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VINE VOICEon 26 June 2009
The Son seems at times like an apprentice carpentry video.The tutor is a man whose face you never fully see or you see it side-on looking at the trainee's work efforts.He's quite tough and exacting but fair.He rejects then seemingly pursues and takes an interest in Francis the young man who's just been released from a penal institution,he says for theft,but there's a lot more to his crime than that.Olivier is a restless
pushy,easily annoyed sort of person.The carpentry seems of a certain
standard.It's a bit like watching non professional actors who've got a certain technical competence at what they do and have been given achance to act.What makes them very watchable is the secret drama that's taking place.There is a brash,energetic delivery to the film which makes it eminently watchable.I found Olivier's performance remarkable.The film on a lower level than Rosetta and The Promise in The Dardennes brothers
films.
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This is a film from 2002 made in France and originally released as `Le Fils'. It tells the story of Olivier (Olivier Gourmet - great name that) who teaches carpentry at a centre for wayward youths, including young offenders. He has a bad back a failed marriage and a past that still haunts his present day.

Then he is asked to teach a young boy, Francis, who is straight out of the detention centre. He refuses at first, but after reading his file he changes his mind. He clearly has a keen interest in this boy and it is reciprocated by the youth. Then we find out why he is so interested and it becomes a complete game changer.

So is it any good? Well as ever that depends upon the viewer, this is not `art house' it is filmed in real time, no music, minimal lighting and real locations. They even use a steady hand cam for most of the filming. Because of the use of real locations, there is often a feeling approaching claustrophobic and lends itself to docudrama. This is fine as it adds to the realism but from a viewing perspective actually can detract from being engaging. However, this there is a web being spun and the more it is woven the more the intrigue builds. I found myself constantly trying to double guess how it would end and getting it mostly wrong, so that is a good thing.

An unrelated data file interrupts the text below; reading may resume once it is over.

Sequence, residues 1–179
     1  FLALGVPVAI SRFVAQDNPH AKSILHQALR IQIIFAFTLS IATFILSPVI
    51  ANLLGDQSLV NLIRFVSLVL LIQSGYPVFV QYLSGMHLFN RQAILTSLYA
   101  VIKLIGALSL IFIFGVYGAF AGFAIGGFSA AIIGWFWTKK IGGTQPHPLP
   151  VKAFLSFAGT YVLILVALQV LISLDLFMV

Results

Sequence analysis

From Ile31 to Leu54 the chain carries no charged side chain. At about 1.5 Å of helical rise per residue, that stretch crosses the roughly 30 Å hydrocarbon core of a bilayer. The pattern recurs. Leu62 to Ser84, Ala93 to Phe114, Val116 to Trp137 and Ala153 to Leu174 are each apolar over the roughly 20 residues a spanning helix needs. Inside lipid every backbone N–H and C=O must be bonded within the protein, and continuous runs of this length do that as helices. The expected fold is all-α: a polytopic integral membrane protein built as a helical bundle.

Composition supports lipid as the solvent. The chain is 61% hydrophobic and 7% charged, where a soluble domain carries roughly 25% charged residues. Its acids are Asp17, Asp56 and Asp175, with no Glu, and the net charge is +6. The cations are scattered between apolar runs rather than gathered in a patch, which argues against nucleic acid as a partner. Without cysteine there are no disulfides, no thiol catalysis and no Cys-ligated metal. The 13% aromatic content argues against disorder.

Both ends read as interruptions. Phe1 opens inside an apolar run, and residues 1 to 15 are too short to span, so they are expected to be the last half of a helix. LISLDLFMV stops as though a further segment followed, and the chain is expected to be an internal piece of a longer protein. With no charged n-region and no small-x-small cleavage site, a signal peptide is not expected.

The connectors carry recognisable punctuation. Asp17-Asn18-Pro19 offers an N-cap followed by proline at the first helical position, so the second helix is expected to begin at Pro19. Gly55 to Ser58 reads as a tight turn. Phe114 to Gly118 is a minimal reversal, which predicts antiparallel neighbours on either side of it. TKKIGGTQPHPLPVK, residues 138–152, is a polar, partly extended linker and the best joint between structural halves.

The acting is all superb and the production is almost unnoticeable as that was what was being aimed for, so nothing to criticise on that front. This will not be for everyone, but has generally received very positive reviews indeed, I would recommend to viewers who are open to European cinema in all its varying shades as this does deal with some `dark' issues.
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on 4 February 2006
A film which explores concurrent themes of cruelty and compassion, revenge and forgiveness. It will break your heart. To be watched alone, more than twice.
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on 4 November 2012
The Dardenne Brothers are masters of their craft. This film is amongst their greatest work and gets better with repeated viewing. If you like films that resonate and stay with you then this is a film you must watch. If you are at all unsure about purchasing this film then google Roger Eberts review of The Son. Sublime. Highly recommended.
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on 17 February 2013
A very good film about a man who teaches in a rehabilitation centre for released youth crime convicts - who realises that he knows the history of one new lad who joins. It deals with the issues of revenge and coming to terms with issues.
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on 6 March 2013
Im not an expert on French films but this was a very compelling film, I love it.

Very well made with that excellent less is more French film making.

Try it.
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on 25 July 2015
An enthralling, cinematographically minimalist film which gradually reveals an absorbing narrative. This is a profound and thought provoking film.